What a Challenge!
(7th Ordinary Sunday: 1 Samuel 26:2-23; 1 Corinthians 15:45-49; Luke 6:27-38)
At La Salette, Mary reminded us of our obligation to honor the Lord’s Name and the Lord’s Day (Mass and rest), to respect the discipline of Lent, and to pray. These are all included in her call to submit.
There is ample material here for an examination of conscience. But today’s Gospel helps us to understand that doing what the Beautiful Lady asks is just the beginning.
Jesus makes it clear that he expects much more of his disciples than the observance of the Law. The commandments are the foundation, not the whole structure. Some of his listeners must have thought he was going too far in requiring a peaceful, even submissive attitude, towards their enemies. In our time, too, it is not easy to accept such demands.
Does our faith make us better persons? In the first reading we find an excellent model in David. His faith in the God of Israel never wavered. So, when he had the opportunity to destroy his mortal enemy, King Saul, he showed him mercy instead, rather than strike the Lord’s anointed.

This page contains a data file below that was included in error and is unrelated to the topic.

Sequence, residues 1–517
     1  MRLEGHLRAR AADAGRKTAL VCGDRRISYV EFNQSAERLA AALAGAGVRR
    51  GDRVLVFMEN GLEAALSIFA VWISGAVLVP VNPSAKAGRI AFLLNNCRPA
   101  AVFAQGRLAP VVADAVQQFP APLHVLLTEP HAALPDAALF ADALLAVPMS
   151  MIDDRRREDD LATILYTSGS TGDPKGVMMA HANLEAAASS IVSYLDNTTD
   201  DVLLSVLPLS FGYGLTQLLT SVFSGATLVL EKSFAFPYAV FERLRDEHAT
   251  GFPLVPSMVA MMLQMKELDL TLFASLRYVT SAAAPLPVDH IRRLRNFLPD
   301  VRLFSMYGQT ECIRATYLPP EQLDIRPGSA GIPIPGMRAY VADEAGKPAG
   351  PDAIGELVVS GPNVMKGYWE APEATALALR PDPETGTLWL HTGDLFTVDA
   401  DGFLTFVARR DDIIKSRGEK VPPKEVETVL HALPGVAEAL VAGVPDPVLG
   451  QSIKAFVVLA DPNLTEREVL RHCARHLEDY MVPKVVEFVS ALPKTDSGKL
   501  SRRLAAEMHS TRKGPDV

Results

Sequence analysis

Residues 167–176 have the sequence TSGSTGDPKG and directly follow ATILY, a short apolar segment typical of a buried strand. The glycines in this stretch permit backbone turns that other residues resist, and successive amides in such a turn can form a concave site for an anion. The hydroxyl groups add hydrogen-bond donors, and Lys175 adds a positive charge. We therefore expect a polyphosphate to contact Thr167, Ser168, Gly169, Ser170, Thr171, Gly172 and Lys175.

This is what the world needs today. It’s what the world has always needed, and will always need. There never was and can never be an excess of charity, that love which is poured into our hearts by God. It will never be perfect or complete, because, as St. Paul says in the second reading, we bear the earthly image of the earthly man, Adam.
We need not be discouraged, however. We are never beyond God’s power to forgive. We can, by God’s grace, bear the image of the heavenly man, Jesus Christ.
At the same time, we must not be complacent, as though our thoughts and words and actions really do not matter to God. The Lord knows what we think and say and do, but he also knows our hearts. For example, when we carry out Jesus’ command, “Give to everyone who asks of you,” is our motive pure?
Oh, the challenge of being faithful and faith-filled! With all our heart, let us pray the words of today’s opening prayer: “Grant that we may carry out in both word and deed that which is pleasing to you.”
Wayne Vanasse, and Fr. René Butler, M.S.